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Blog 14: My Hunger Games
by Christen Press, June 1st, 2012 12:06AM

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TAGS:  americans abroad, sweden

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[THE PITCH] To compete... According to Merriam-Webster, to compete means to strive consciously or unconsciously for an objective. A "kill or be killed” mentality might be too strong a statement, but in my world, to compete is to be in a state of war.

This year, Allsvenskan is arguably the most competitive women’s soccer league in the world. With the influx of international players, the league has both strength and parity. The result is sure to be a grueling 22-game, seven-month season, A Hunger Game of sorts, of which I am right in the midst.

Like the character in the movie, Katniss Everdeen, KGFC is perhaps not the obvious pick for a Victor. We are not the symbolic “Career Tributes,” yet the team’s 2011 success has a lot of teams gunning for us. The pre-season projections ranked us 4th, but it feels like we are the dark horse. Nobody counts Katniss out. In the crucible of competitive sports, only one is left standing. Be it against the recently promoted Vitssjö or internationally star-studded Tyresö, every game for us this year will be a blood bath.

Unlike Katniss, however, we find fun in our fight and take pride in our plight. In order for us to win we must push ourselves to our mental and physical edge. And that is the strength of our game. Winning isn’t easy, and if it were, it would not be so much fun. Winning isn’t everything, but like Vince Lombardi said, “The will to win is everything.”

Teammate Anita Asante fighting for the ball.



And then, there are The Games we Hunger for. The rivalries bred from competition, the "derbies" as the Swedes call them, the big games … the ones that, even though you’re fighting for the same three points, they mean so much more. When you leave it all on the field, victory tastes oh so sweet. And after a great meal, you push back from the table feeling satisfied.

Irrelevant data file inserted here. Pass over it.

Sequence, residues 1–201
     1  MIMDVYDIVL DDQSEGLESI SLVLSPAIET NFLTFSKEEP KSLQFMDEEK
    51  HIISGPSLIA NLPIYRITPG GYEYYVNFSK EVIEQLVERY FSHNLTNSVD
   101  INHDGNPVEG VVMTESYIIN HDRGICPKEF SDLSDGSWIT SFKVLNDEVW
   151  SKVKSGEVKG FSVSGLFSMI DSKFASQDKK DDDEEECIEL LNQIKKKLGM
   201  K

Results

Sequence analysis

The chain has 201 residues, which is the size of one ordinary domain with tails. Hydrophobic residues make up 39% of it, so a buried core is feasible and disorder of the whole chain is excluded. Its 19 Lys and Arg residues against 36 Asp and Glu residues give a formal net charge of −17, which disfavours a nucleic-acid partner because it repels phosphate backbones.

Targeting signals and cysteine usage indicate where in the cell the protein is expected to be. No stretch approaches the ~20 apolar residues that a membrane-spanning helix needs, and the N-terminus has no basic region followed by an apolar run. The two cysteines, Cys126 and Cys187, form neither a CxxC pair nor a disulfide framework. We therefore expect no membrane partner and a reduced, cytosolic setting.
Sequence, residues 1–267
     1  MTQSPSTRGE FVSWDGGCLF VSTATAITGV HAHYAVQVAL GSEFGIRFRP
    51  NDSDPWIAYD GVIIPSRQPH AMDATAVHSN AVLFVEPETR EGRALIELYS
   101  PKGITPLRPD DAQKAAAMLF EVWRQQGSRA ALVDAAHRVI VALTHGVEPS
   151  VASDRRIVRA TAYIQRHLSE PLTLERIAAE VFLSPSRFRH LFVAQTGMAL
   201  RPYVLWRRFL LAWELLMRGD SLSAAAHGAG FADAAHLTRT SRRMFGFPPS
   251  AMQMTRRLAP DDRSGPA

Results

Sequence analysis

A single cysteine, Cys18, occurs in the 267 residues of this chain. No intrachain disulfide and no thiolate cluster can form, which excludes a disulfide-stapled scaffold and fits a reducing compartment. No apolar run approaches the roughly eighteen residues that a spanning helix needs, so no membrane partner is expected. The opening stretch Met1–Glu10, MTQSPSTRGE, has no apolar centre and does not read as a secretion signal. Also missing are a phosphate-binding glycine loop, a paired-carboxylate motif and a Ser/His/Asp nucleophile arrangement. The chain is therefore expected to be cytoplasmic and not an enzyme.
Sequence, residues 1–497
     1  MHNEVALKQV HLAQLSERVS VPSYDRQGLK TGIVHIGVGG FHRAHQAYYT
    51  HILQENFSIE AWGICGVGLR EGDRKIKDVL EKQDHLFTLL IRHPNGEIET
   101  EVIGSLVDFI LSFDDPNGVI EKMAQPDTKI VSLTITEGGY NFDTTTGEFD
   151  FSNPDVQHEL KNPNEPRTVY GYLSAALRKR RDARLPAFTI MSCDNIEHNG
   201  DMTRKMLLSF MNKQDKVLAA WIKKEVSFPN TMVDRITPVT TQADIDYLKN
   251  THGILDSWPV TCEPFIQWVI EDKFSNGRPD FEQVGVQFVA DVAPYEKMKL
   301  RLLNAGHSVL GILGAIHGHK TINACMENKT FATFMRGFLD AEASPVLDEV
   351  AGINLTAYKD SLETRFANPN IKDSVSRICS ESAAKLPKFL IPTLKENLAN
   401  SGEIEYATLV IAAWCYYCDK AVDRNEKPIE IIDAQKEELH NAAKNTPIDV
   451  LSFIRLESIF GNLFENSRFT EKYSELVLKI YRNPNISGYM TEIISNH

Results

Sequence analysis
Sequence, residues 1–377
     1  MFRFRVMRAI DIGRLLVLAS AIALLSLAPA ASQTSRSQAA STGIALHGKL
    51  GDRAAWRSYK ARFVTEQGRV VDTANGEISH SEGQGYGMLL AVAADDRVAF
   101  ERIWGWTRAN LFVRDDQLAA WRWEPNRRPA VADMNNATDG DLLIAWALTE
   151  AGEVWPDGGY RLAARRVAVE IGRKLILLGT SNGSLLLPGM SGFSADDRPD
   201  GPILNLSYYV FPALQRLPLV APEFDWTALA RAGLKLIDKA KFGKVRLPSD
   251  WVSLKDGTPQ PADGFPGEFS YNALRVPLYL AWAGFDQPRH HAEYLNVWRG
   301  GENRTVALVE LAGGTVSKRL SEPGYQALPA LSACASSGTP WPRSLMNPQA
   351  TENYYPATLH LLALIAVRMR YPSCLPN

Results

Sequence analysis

Some might say I was born for The Games. When I was 12-years-old, I vividly remember the final minutes of a match that my team was winning handily. Sliding from behind and knocking my mark off the field, a mom on the opposing team’s sideline screamed that I was “a little monster!” Competition for me, however, sometimes transcends the field.

My sisters concur with the soccer mom. They tell me that when we were growing up, I was a little monster. Tyler once described our childhood playing Nintendo64 and Monopoly as anything but fun. "If she wasn't winning, the game was miserable for everyone because she was so crazy about it. Whoever was winning was subjected to ‘torture’—a constant stream of carping, taunting and recriminations.”  Well, woops…

Love The Games



I admit, there were times when it felt like my whole life—not just football—was a Hunger Game. In high school, I looked over my shoulder at my schoolmates’ grades to make sure I was doing better. I wasted time jealous of friends’ good fortune … I had to be happier! My modus operandi was to jump higher, run faster, and sing prettier … okay that last one was a lost cause! The Tribute within me lost track of boundaries, growing so big that I began to judge my life only in juxtaposition to those around me. My inner Tribute began to eat away at life’s true blessing: contentment.

***

Sweden has been the perfect model for keeping The Games inside The Arena. My teammates are too short to be Top Models, but even Tyra would admit that they are fierce! For my first month, one particular teammate picked me as her partner in our daily warm-up competitions because she knew I did not understand the Swedish instructions and then laughed as she beat up on me. If all else failed, she would simply ljuger och luras (lie and cheat) until she could declare herself winner. But, as they leave The Arena, my teammates put down their bows, and enter a world that values equality and opportunity. They let things go.

Teammate Lisa Ek battling



Sometimes competition fuels us and pushes down our personal life path. And sometimes, it unites us and leads us toward our shared goals. Our locker room is void of the foul stench of inner team rivalry; we have more than enough stink emitting from our shin guards, thank you! My teammates want to be the best … fotbollspelare. Off the pitch, they are happy, perhaps even content. And as for me? Well, I’m working on it!

Rookie for life, Christen Press

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